Safe Space Initiative: giving hope to SGBV victims

Michael Dibe

The non-profit organization which was co-founded by Osasu Edobor, a social development and gender space expert, Oluwatosin Akinbode-Osho, a legal practitioner and Dr. Gbonjubola Abiri Babalola, a psychologist and therapist, combines individual diverse skills in supporting women and girls in fighting gender-based violence.

The group uses new media and technology solutions in helping women and girls break free, find shelter and recover from Sexual and Gender-Based Violence which includes domestic violence, trafficking and other types of exploitation.

A non-governmental organisation, Safe Space Initiative (SSI) focused on supporting victims physically, mentally, socially and financially is giving voice to victims of Sexual and Gender Based Violence (SGBV) in Nigeria.

This is being done through mobile app development, community advocacy and storytelling, Tehila, a support group therapy event for survivors including employability and entrepreneurship projects.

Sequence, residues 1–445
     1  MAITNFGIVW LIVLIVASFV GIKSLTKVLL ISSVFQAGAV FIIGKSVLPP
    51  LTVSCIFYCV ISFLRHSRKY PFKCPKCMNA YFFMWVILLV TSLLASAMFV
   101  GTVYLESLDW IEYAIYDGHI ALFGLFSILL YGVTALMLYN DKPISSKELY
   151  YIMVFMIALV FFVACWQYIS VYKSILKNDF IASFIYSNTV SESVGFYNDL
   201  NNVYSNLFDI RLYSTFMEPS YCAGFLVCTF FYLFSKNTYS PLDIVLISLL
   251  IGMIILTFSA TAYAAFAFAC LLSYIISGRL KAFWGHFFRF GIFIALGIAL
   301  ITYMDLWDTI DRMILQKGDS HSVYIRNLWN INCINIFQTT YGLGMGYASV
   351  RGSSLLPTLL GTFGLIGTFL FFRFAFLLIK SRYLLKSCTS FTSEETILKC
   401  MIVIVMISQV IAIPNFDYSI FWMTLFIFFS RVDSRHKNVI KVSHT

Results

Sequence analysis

According to Akinbode-Osho, the focus the organisation is gender-based violence and anything that has to do with women and girls affected by violence.

“So, we have a structure that addresses their needs. We identify it as social support, we provide them with therapy, shelter, we have legal support, therapy for the children, mostly for women in our communities,” she added.

Edobor says there are a lot of Non-profit organizations in Nigeria ensuring that women are given adequate care when it comes to gender based violence, but for safe space, it is important to find out how to integrate it.

“Our biggest or mean product is the Herfessions app. It is a mobile application that aggregate other service providers. Service providers are those who provide therapy. It’s the police that provide security. Hospitals where women go for forensic checkups and legal aids that speak to different legal organisations that offer pro bono services to women who have survived or witnessed gender-based violence,” she explained.